Leave for 4-5 hours to set before removing from the tin and cutting into squares. Store in an airtight container.

Chocolate sandwich hearts

I’m by no means an expert when it comes to relationships (something people who know me well will be quick to testify!) but one thing I do know, with some certainty, is that the way to any boy’s heart is food.

In the case of the friendly pony, if the food involves some sort of chocolate, then it’s pretty much the equivalent of Cupid’s arrow – which is why for Valentine’s Day there will be no cards, no gifts – just lots of chocolate-based treats.

First up are these chocolate sandwich hearts, which I’m entering for the February Tea Time Treats challenge, this month hosted by Kate of  What Kate Baked (the theme of course being romance).

The biscuits are  thin, crisp and quite strongly flavoured of cocoa with just a hint of cinnamon. The fudge filling is my new favourite obsession – a rich, chocolatey fudge sauce that can be whipped up in 5 minutes with ingredients I always have on hand – slightly dangerous for my waistline but delicious nonetheless!

Together, they create a perfect bite-sized chocolatey tea time treat. And if the thought of Valentine’s romance makes you feel a little queasy, just use a round cookie cutter instead!

Chocolate sandwich hearts (biscuits from 1001 Cupcakes, Cookies and Other Tempting Treats, filling adapted from Espresso and Cream)

(Makes 10-ish sandwich biscuits)

For the biscuits:

  • 125g butter
  • 75g icing sugar
  • 115g plain flour
  • 40g cocoa powder
  • 1/2 tsp cinnamon
Cream together the butter and sugar until light and fluffy, then sift in the rest of the ingredients, mixing to combine. Bring the mixture together into a dough, then chill for 20 minutes in the fridge. Dust two sheets of baking paper with cocoa powder, then roll out the dough inbetween the sheets, to about 3mm thick.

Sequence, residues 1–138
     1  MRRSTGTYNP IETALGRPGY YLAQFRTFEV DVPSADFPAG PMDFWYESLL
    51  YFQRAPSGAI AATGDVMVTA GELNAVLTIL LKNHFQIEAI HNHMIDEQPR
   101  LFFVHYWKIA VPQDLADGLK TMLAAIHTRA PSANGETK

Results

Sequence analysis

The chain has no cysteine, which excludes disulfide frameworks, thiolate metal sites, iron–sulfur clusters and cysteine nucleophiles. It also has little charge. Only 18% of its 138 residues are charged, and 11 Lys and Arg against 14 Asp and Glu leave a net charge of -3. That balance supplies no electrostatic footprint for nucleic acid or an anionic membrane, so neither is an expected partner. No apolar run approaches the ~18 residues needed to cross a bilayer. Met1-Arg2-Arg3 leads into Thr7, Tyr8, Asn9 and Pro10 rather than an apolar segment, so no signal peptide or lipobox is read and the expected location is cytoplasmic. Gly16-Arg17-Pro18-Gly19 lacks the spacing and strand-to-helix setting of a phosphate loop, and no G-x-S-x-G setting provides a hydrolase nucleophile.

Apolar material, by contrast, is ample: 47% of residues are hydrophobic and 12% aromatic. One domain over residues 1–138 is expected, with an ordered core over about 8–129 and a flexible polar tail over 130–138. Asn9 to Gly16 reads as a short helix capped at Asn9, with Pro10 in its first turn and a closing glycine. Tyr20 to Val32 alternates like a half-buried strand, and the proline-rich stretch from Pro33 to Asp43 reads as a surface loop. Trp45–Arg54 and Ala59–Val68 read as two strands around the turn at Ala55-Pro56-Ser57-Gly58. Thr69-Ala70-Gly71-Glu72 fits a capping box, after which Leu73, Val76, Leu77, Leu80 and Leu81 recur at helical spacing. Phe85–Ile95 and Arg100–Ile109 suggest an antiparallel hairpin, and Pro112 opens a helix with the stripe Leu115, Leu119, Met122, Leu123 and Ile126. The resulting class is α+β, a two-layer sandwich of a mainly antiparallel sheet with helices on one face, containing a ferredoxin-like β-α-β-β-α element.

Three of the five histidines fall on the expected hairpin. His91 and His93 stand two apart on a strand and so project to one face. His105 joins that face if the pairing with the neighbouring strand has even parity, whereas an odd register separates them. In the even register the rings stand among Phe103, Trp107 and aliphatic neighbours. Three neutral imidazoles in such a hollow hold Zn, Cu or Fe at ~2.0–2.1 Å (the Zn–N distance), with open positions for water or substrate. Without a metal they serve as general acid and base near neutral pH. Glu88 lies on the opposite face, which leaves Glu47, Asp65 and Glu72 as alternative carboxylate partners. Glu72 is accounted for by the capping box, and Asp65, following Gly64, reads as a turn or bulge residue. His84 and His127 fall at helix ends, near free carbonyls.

Use a heart (or any shape!) cutter and place the biscuits on a baking sheet, with about an inch space between them. Bake at 160 degrees for about 15 minutes, or until firm. Leave on the baking tray to cool for a couple of minutes, then transfer to a wire rack to cool completely.

For the filling:

  • 1/4 cup butter
  • 1/4 cup milk
  • 1/4 cup cocoa powder
  • 1/2 cup dark brown sugar

Heat the butter and milk in a saucepan, stirring until the butter has melted, then bring to the boil and simmer for a minute or two. Quickly stir in the cocoa powder and sugar, and whisk until the sauce is thick and glossy. Transfer to a bowl and leave to cool.

Once the biscuits and filling are cool, spread some of the filling onto half of the biscuits, then sandwich with another biscuit on top. Give to your Valentine, or just eat them all yourself!

White Chocolate Chip Fudge (sort of)

Christmas has been on my mind pretty much since September, but now we’re in December it’s officially ok for me to let the world know about it!

I’ve been thinking ahead to sweet treats that I could give as gifts this year, and one I was pretty set on was fudge.

Luckily I started early, as the trial version I made this weekend didn’t go quite to plan! I followed this recipe for white chocolate chip fudge, as it seemed relatively simple, but somewhere along the way I must have gone a bit wrong, as what I ended up with was more of a soft toffee-ish mixture…

I used a sugar thermometer so it definitely got to the right temperature, but I’m wondering whether I should have kept stirring it for longer than the recommended 5 minutes as I’ve seen other recipes that say you have to stir until the gloss has gone…

It was pretty close though, and for my first attempt at fudge I’m not too disappointed. I’m definitely going to try again, so if anyone has any tips please let me know!

Right, now I’m off to put up the tree!

(I’ll wait until I’ve perfected it to post the recipe, but the original is from BBC Good Food).